BLUFFTON — Farm animal tracking regulations to be implemented under United States Department of Agriculture guidelines will drive many small producers and their supporting suppliers out of existence and the Arkansas Animal Producer’s Association is trying to do something about it, Jane Williams, the group’s founder, says.

The group’s first statewide meeting will be from 4 to 6 p.m. July 9 at the Agora conference center at 705 East Sibenmorgen Road in Conway, she said.

The speaker will be Joel Gill from Pickens, Miss., representing R-CALF USA, a national cattle producers’ organization formed to address marketing and trade issues in the live cattle industry.


Drought Putting Thousands Of Cattle Up For Sale

Drought Putting Thousands Of Cattle Up For Sale


Some say parts of central South Dakota may be drier now than during the dust bowl years in the 1930’s. The severe drought is forcing many ranchers to make tough decisions, like selling off their entire herds just to keep the animals from starving to death. And sales at a livestock auction in Campbell County have almost doubled this year.

As livestock are unloaded the pens at the Herreid Livestock Market fill up. It’s a sight that reminds ranchers and farmers of just how bleak the situation is becoming in drought stricken central South Dakota.

Co-owner and Manager of Herreid Livestock Market Herman Schumacher says, “It’s as tough a time as I’ve ever seen in the cattle industry as far as weather is concerned.”

President of the Campbell County Bank Bruce Brandner says, “It’s come down to buy hay, move the cattle out of the country, or just have to sell the whole herd.”


Responsible cattle raising

Responsible cattle raising

The Providence Journal (RI)

A proposal by the U.S. Department of Agriculture to label grass-fed beef deserves adoption. It would give consumers greater control over what they eat, as well as a chance to influence environmental policy for the better. Also, fattening cattle in pastures rather than in feedlots is simply healthier for the animals.

Roughly since World War II, the great majority of U.S. cattle have been raised on grain. The process was helped along by subsidized corn and soybeans, petroleum-based fertilizers and antibiotics. The system brought with it an array of environmental and health problems, but it was undeniably more efficient. The inexpensive beef that drives today’s fast-food industry was one result.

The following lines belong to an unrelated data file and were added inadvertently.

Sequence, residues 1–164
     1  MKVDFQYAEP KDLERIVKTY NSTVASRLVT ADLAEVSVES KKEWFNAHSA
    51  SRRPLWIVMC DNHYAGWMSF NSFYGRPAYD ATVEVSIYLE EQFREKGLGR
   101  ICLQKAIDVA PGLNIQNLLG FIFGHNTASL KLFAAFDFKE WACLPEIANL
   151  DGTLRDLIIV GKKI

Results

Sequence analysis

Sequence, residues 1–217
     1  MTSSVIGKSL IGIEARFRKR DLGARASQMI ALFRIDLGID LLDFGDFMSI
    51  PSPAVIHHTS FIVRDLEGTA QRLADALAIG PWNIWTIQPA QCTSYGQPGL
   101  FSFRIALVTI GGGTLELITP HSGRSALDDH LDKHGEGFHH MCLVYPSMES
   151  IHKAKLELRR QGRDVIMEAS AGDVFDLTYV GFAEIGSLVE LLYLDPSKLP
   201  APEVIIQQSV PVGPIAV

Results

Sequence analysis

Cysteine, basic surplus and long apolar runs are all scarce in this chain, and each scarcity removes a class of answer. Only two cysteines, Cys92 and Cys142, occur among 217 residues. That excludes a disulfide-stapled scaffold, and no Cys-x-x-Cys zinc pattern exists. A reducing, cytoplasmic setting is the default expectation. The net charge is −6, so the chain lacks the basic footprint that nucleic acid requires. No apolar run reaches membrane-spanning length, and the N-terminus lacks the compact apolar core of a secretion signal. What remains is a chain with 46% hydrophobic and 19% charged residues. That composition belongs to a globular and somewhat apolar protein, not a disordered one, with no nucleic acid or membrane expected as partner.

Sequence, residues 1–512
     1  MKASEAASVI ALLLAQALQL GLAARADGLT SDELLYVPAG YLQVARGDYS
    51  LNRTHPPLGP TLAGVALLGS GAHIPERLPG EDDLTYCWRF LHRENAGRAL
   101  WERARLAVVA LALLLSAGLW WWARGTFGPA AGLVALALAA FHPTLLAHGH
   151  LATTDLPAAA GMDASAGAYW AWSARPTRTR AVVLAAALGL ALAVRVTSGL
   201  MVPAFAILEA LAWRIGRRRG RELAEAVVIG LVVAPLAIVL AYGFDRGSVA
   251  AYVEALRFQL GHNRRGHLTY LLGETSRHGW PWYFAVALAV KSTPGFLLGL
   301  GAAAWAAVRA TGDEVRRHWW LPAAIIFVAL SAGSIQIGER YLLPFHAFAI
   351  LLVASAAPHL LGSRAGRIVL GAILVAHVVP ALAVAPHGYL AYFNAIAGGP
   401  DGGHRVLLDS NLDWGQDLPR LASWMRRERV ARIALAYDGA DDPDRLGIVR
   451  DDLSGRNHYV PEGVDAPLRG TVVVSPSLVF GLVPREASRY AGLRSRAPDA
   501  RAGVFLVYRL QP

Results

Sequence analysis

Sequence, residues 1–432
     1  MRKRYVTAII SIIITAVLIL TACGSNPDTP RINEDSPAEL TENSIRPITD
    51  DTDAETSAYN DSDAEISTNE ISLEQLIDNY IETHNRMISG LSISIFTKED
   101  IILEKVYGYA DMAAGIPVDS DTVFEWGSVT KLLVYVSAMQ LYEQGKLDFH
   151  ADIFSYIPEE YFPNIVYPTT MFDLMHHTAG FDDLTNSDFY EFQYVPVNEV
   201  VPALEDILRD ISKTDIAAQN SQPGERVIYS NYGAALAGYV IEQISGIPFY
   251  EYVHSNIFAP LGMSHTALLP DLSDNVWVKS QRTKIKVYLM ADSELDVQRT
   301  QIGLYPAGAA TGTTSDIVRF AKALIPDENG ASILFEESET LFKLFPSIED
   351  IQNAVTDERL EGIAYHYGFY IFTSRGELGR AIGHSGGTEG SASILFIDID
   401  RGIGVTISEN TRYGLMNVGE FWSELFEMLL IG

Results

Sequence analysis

Cattle health, drought issues up for discussion

Cattle health, drought issues up for discussion

Fort Morgan Times (CO)

The health of beef cattle during the current drought is the topic of two free sessions, July 12 in Brush and July 20 in Deer Trail, sponsored by Colorado State University Cooperative Extension and the State Veterinarian office of the Colorado Department of Agriculture.

A complimentary steak dinner will be served at 6 p.m., followed by a discussion of Johne ‘s disease, livestock drought issues related to poisonous plant systems and early weaning of calves, and tax consequences of the drought.

The July 12 dinner and discussion will be at the Morgan County Fairgrounds in Brush. Contact Marlin Eisenach at (970) 542-3543 by July 7 to register.


Canada lifts import ban on all US cattle classes

Canada lifts import ban on all US cattle classes

Reuters / Dose.ca

WINNIPEG, Manitoba (Reuters) – Canada reopened its border to all classes of cattle from the United States on Thursday to try to normalize North American cattle trade following several mad cow disease discoveries in both countries.

“Canada’s import controls continue to provide the highest levels of public and animal health protection,” said Canadian Agriculture Minister Chuck Strahl. “At the same time, Canada’s new government is moving closer to re-integrating the North American cattle market in accordance with international standards.”

U.S. breeding cattle born after 1999 and beef from cattle over 30 months old are now eligible to enter Canada, under certain conditions.


China lifts US beef

China lifts US beef ban


BEIJING (Reuters) – China has restored imports of United States beef, ending a two-and-a-half year ban prompted by fears of mad cow disease, state media reported.
The Chinese Ministry of Agriculture would allow boneless beef imports from U.S. cattle 30 months or younger that have been stripped of spines, brains and other parts, the official Xinhua news agency reported late on Thursday.
China’s decision follows Japan’s announcement earlier this month that it may also soon lift its block on U.S. beef.